The EU regulators also increasingly take a strong stance against greenwashing and social washing and are pushing for greater transparency with the Digital Product Passports requirement in the textile industry to be implemented from 2026, while in the US, high-profile class actions have recently also sent a strong message to corporations that they now must be ready to back their environmental and social claims with auditable data.Chart showing Fashion Companies’ 5-Year Plans: Reasons to Invest in Sustainability, 2024In this context of changing regulation and depletion of natural resources, it is fair to say volume sales become threatened and the social and environmental dimensions of sustainability increasingly converge with the economic one.

More than ever, it is becoming essential for fashion companies to act today to proactively map out their supply chain and start transforming their business model, to get a head start and be able to comply with all relevant environmental or employment laws in due time.

About Global Fashion Summit: Global Fashion Summit is the leading international forum for sustainability in fashion and is presented by Global Fashion Agenda (GFA), a non-profit organisation that is accelerating the transition to a net positive fashion industry. GFA accelerates impact by mobilising, inspiring, influencing and educating all stakeholders. Convening major decision-makers from across the world, the forum was first launched in 2009 as a COP15 side event and has become the nexus for agenda-setting discussions and presentations on the most critical environmental, social, and ethical issues facing our industry and planet, all intended to spark urgent action and accelerate impact in the industry. Learn more and secure your ticket for the summit, by visiting here.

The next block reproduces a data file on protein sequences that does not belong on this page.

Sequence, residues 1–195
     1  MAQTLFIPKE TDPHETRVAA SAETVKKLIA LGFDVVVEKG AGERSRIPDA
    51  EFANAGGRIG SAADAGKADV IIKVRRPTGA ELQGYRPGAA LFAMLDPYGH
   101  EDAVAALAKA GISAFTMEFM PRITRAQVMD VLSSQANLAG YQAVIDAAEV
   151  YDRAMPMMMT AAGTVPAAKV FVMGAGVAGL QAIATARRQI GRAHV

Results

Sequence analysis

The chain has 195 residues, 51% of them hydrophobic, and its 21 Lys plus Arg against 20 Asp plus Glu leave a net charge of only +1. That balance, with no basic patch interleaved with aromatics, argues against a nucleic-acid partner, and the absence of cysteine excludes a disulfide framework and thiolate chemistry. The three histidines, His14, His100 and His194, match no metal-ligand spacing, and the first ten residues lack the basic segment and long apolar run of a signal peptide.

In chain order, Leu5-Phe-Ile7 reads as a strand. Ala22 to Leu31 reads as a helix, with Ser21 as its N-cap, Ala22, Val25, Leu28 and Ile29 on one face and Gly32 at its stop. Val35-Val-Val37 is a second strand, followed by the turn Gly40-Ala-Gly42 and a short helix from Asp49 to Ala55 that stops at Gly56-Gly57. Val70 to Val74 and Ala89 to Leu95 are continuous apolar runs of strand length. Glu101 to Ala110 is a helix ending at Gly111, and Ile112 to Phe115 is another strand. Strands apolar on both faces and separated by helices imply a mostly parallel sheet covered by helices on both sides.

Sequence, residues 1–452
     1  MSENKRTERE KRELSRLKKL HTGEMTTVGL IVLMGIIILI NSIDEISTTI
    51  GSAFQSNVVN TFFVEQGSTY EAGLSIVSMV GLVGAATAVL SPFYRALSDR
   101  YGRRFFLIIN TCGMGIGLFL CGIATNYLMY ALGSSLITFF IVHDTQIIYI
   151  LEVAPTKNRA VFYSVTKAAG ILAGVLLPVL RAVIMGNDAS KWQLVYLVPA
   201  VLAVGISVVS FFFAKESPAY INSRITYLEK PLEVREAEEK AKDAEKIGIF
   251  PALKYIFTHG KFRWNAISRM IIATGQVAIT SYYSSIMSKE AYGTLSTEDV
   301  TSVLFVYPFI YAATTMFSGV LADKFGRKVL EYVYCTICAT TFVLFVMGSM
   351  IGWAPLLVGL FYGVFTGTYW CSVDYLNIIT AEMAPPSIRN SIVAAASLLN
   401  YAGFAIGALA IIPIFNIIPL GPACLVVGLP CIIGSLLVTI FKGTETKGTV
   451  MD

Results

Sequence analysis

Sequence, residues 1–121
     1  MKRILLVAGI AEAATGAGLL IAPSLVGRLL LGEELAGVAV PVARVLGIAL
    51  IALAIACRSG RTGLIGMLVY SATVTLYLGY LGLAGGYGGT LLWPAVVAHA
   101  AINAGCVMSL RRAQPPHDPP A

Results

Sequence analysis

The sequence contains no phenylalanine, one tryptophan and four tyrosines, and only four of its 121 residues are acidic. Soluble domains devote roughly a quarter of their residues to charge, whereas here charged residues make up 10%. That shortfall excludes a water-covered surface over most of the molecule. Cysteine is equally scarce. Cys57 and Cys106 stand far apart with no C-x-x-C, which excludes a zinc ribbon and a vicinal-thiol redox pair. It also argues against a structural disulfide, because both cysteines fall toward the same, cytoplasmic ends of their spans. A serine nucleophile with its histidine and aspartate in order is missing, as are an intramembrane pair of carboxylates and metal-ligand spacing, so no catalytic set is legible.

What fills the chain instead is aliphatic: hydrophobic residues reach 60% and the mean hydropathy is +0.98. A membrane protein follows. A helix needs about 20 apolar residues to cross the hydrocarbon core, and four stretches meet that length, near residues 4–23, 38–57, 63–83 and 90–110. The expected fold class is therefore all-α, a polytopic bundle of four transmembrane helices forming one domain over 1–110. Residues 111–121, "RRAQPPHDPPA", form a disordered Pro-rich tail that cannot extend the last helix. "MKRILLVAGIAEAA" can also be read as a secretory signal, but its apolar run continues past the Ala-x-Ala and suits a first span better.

About the author: Marguerite Le Rolland is the Head of Apparel and Footwear at Euromonitor International, a leading independent provider of strategic market research based in London, UK. In her role, Marguerite oversees the industry research and is responsible for strategic analysis on corporate strategies, market and consumer trends, competitive intelligence, retail performance and opportunity analysis in the fashion industry. Her comments and analysis are regularly quoted in the press, including Business of Fashion, Le Monde, AFP, Vogue Business, The Guardian, The Telegraph and WWD. To learn more, please check: https://www.euromonitor.com/.

To learn more about winning strategies in this evolving apparel and footwear market, please read our article, Top Trends in Global Apparel and Footwear in 2024 and Beyond and our report, Competitor Strategies in Apparel and Footwear.

Interested in more insights? Subscribe to our content

Shop Our Reports

Retail Reinvention: A Framework for Future Growth

New business models, channels and shopper expectations continue to change retail, redefining industry rules and relationships and disrupting the path to…

View Report

Competitor Strategies in Personal Accessories

The pandemic catalyses industry consolidation, increasing the top 10 players' share. Luxury brands thrive initially, but a sector slowdown opens doors for…

View Report

World Market for Apparel and Footwear

Apparel and footwear was among the industries worst hit by the COVID-19 pandemic, and as the ongoing conflict in Ukraine further disrupts the world’s economy,…

View Report
Related Content Top Trends in Global Apparel and Footwear in 2024 and Beyond Learn More
;